This novel project will provide knowledge and perspectives to two fields by capitalizing upon the similarities between battery context-dependencies, battery life, and ecological systems. This new outlook will provide a unified theory for testing, estimation and management of batteries across cell, module, pack, and application scales and life scales in a research field that up to this point has been disconnected between scales. Testing approaches, interrelationship models, and estimation methods used in ecology are predicted to improve upon present, state-of-the-art battery research methods to provide economic, resiliency and environmental benefits by better understanding and leveraging the unique, time-dependent relationships each battery has with its context.

Broader Impacts
This work will benefit all battery portable, transportation, and grid applications as well as multiple sectors. It will include the emerging battery repurposing sector, by providing tangible methods to improve testing, estimation and management techniques. The result will be longer battery life, better performance, and less environmental waste. Educational impacts include active learning opportunities for undergraduate and graduate students via research and educational interactions with individualized testing boards linked to the newly created large multi-scale testing platform. This strategy will enable low cost, highly distributed testing environments. The Pl will disseminate tools via national education conferences to improve the nearly nonexistent battery testing training of students. This project will facilitate new paths in multi-disciplinary graduate courses. The Pl has a passion to increase representation of Hispanic females in STEM. Outreach will include hosting 4 diverse Community College students for summer research through the Michigan College and University Partnership, and participating in Society for Hispanic Professional Engineers conferences, specifically in the female Hispanic track.

Investigator: Lucia Gauchia

Collaborative Research: On Making Wave Energy an Economical and Reliable Power Source for Ocean Measurement Applications

National Science Foundation

Work Plan:
Task 1: Wave-by-wave control and Multi-resonant control
(a-i) Wave-by-Wave Control: Generalize to conversion from relative oscillation in surge, heave, and pitch modes. This step places high expectations on geometry design, because the chosen geometry needs to maximize wave radiation (radiation damping) by relative oscillation in all three modes. Typically, for small axi-symmetric buoys, radiation damping in surge and pitch modes is considerably smaller than that in heave mode. Therefore, greater oscillation excursions are typically required for optimal conversion in these modes. In addition, the power requirements of the wave measurement hardware also need to be included in the daily/annual powver calculations. For the X-band Radar hardware applicable to the up-wave distances of interest to us (on the order of 1000 m), the power consumption is expected to be less than 300 W (average). This could pose a challenge in some wave conditions, but it is likely that the use of multiple modes and optimized geometries will help to provide sufficient usable power for the iFCB application we are pursuing in this work. We plan to extend the current simulations to address these needs.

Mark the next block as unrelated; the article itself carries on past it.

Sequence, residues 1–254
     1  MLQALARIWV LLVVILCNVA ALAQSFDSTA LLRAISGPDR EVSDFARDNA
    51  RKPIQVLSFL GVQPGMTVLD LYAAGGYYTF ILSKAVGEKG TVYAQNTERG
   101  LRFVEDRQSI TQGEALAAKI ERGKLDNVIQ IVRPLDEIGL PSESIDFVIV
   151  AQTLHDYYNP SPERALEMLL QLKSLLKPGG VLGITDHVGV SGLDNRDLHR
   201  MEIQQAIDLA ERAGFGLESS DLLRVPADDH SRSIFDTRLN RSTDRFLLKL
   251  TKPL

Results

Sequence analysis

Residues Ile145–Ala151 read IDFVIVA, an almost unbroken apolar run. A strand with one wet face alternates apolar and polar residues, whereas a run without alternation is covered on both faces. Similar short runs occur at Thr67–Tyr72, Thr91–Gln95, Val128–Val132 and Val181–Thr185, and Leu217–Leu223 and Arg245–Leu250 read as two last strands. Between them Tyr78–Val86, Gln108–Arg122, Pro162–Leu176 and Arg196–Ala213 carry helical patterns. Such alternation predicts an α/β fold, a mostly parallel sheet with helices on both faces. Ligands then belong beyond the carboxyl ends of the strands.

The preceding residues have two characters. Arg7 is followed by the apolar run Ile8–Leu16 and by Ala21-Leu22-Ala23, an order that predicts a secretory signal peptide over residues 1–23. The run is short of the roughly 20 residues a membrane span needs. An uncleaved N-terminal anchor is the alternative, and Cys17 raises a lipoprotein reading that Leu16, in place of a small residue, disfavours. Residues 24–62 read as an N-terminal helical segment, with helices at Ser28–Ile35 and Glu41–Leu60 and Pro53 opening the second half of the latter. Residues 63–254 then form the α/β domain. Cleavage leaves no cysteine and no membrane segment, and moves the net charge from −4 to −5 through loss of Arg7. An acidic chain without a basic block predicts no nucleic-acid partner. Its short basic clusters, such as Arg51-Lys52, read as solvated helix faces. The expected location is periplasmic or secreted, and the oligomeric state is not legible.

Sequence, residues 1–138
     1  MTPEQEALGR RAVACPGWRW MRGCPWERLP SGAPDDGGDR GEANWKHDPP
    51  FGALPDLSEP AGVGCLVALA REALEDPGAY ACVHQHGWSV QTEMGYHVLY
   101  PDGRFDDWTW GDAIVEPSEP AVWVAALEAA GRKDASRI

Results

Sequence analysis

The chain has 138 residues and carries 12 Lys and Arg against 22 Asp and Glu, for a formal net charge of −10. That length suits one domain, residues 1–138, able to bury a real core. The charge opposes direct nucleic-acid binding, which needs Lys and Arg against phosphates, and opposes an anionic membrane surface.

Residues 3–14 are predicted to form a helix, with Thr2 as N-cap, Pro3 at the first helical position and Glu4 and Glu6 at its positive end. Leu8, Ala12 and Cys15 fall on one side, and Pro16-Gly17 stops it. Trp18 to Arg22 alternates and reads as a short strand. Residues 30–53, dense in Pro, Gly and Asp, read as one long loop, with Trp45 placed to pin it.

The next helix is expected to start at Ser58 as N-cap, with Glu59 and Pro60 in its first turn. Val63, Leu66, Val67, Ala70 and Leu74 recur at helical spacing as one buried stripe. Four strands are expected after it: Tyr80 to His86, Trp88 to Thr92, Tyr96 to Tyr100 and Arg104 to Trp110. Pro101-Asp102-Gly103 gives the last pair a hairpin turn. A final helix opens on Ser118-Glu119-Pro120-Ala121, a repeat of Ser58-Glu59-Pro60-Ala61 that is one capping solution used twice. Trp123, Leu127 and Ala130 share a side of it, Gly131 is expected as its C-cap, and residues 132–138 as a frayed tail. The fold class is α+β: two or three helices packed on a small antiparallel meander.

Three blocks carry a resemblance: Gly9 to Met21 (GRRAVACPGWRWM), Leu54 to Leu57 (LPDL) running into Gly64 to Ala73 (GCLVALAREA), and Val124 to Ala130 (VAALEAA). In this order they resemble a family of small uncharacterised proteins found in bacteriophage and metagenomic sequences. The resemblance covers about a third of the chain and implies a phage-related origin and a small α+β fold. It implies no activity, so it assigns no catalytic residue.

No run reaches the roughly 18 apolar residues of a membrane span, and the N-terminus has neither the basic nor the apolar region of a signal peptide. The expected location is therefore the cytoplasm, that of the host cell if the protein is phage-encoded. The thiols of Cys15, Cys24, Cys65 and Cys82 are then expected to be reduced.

(a-ii) Geometry Design: New geometry design/utilization approaches to maximize the radiation damping for the 3 relative oscillation modes are being considered. These will be evaluated through detailed simulations in the forthcoming period.
(b) Multi-resonant Control: Current implementations need to be extended to incorporate realistic oscillation constraints. Further extensions to 2-body systems with power capture from relative oscillation are also required, and are planned for the forthcoming period. Finally, the procedure also needs to be extended to investigate multiple-mode conversion (i.e. relative heave, pitch, and surge oscillations).
Task 2: Actuator Design and Energy Storage
Work is planned for the forthcoming period where propose to examine favorably interacting buoy-instrument cage geometries that will minimize the need for large amounts of reactive power to flow through the system. Particular attention will be given to hydrodynamic and mechanical coupling effects and ways to provide negative stiffness through geometry design.
In addition, non-polluting high-lubricity hydraulic fluids will be evaluated through actuator dynamic models over the frequency range of interest.
Task 3: Simulation of Complete System and Wave Tank Testing
This is an important part of the project. The complete system will be simulated following inclusion of multiple-mode relative oscillation conversion and more detailed actuator design. Besides the power requirements of the wave measurement system, all other non-function-critical power needs embedded within the overall system (on-board electronics, etc.) will be included in this simulation.